Sonny Boy Williamson II - Happy Birthday Sonny Boy Williamson II - Classic Blues Videos
Over an Hour of Live Video in Celebration of his Birth
Sonny Boy Williamson II leaves an amazing legacy as one of the greatest Blues harmonica players to walk the earth and the ultimate Bluesman. Sonny Boy performed with Robert Johnson in his early days and Jimmy Page and Eric Clapton towards the end and just about every Blues master alive while he was in between. Just to give an example of the incredible impact that Williamson's music has had; a few of the artists who have covered his songs include Muddy Waters, Howlin' Wolf, Canned Heat, B. B. King, Van Morrison, Led Zeppelin, The Allman Brothers, The Who, Aerosmith and The Doobie Brothers. Sonny Boy's harp playing is something else and he is a true master of instrument that could drive an audience wild. Putting in words the full impact his music has had is difficult so I defer to John Mayall who said, "Sonny Boy Williamson is the Jimi Hendrix of the Blues Harp.”
"If you are gonna play a note, play the hell out of that goddamn note! You can take one note and upset a house. Play that damn note; don't let the note play you." - Sonny Boy Williamson II
Aleck "Rice" Miller (March 11, 1908 - May 25, 1965) was a blues harmonica player, singer and songwriter. He was also known as Sonny Boy Williamson II, Willie Williamson, Willie Miller, Little Boy Blue, The Goat and Footsie. Born as Aleck Ford on the Sara Jones Plantation in Tallahatchie County, Mississippi, his date and year of birth are a matter of uncertainty. He claimed to have been born on December 5, 1899, but one researcher, David Evans, claims to have found census record evidence that he was born around 1912. His gravestone lists his date of birth as March 11, 1908.
He lived and worked with his sharecropper stepfather, Jim Miller, whose last name he soon adopted, and mother, Millie Ford, until the early 1930s. Beginning in the 1930s, he traveled around Mississippi and Arkansas and encountered Big Joe Williams, Elmore James and Robert Lockwood, Jr., also known as Robert Junior Lockwood, who would play guitar on his later Checker Records sides. He was also associated with Robert Johnson during this period. Miller developed his style and raffish stage persona during these years. Willie Dixon recalled seeing Lockwood and Miller playing for tips in Greenville, Mississippi in the 1930s. He entertained audiences with novelties such inserting one end of the harmonica into his mouth and playing with no hands.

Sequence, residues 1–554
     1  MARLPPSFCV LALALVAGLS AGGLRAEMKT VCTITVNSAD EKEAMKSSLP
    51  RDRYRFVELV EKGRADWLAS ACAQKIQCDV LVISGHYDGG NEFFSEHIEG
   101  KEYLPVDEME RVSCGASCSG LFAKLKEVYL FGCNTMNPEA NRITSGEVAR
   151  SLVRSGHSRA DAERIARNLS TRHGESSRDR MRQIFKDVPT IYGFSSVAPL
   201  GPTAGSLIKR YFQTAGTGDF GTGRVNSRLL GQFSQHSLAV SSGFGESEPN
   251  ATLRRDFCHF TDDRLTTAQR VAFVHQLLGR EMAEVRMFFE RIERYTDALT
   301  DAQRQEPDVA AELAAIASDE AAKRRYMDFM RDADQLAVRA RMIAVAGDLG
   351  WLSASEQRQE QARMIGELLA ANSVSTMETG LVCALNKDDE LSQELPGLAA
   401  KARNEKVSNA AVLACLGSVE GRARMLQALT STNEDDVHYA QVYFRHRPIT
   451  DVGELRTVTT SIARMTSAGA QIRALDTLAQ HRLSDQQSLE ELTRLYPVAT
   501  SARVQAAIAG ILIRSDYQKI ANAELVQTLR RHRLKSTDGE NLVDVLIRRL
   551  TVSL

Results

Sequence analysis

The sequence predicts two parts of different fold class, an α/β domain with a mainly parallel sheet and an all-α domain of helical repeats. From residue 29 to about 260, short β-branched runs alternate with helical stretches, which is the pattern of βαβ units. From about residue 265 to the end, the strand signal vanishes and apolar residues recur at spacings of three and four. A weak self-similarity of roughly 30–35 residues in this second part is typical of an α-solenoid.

In 1941 Miller was hired to play the King Biscuit Time show, advertising the King Biscuit brand of baking flour on radio station KFFA in Helena, Arkansas with Lockwood. It was at this point that the radio program's sponsor, Max Moore, began billing Miller as Sonny Boy Williamson, apparently in an attempt to capitalize on the fame of the well known Chicago-based harmonica player and singer John Lee Williamson (see Sonny Boy Williamson I). Although John Lee Williamson was a major blues star who had already released dozens of successful and widely influential records under the name "Sonny Boy Williamson" from 1937 onward, Aleck Miller would later claim to have been the first to use the name, and some blues scholars believe that Miller's assertion he was born in 1899 was a ruse to convince audiences he was old enough to have used the name before John Lee Williamson, who was born in 1914. (This is made somewhat less likely, however, by the fact that Miller was certainly older than Williamson even if one does not accept the 1899 birthdate.) Whatever the methodology, Miller became commonly known as "Sonny Boy Williamson," (universally distinguished by blues fans and musicians as "Sonny Boy Williamson number two" or "Sonny Boy Williamson the second") and Lockwood and the rest of his band were billed as the King Biscuit Boys.